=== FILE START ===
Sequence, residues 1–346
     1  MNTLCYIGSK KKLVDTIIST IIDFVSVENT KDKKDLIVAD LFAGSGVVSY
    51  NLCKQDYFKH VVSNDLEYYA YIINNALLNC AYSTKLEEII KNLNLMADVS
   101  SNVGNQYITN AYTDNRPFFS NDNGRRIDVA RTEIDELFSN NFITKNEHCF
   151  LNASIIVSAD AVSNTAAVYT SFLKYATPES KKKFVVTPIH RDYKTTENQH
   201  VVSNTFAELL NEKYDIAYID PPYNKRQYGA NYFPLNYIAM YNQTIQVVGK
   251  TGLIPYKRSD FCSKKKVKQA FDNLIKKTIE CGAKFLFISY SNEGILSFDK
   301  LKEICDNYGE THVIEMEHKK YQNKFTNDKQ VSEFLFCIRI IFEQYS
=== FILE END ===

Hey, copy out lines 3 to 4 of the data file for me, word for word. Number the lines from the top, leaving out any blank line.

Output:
    51  NLCKQDYFKH VVSNDLEYYA YIINNALLNC AYSTKLEEII KNLNLMADVS
   101  SNVGNQYITN AYTDNRPFFS NDNGRRIDVA RTEIDELFSN NFITKNEHCF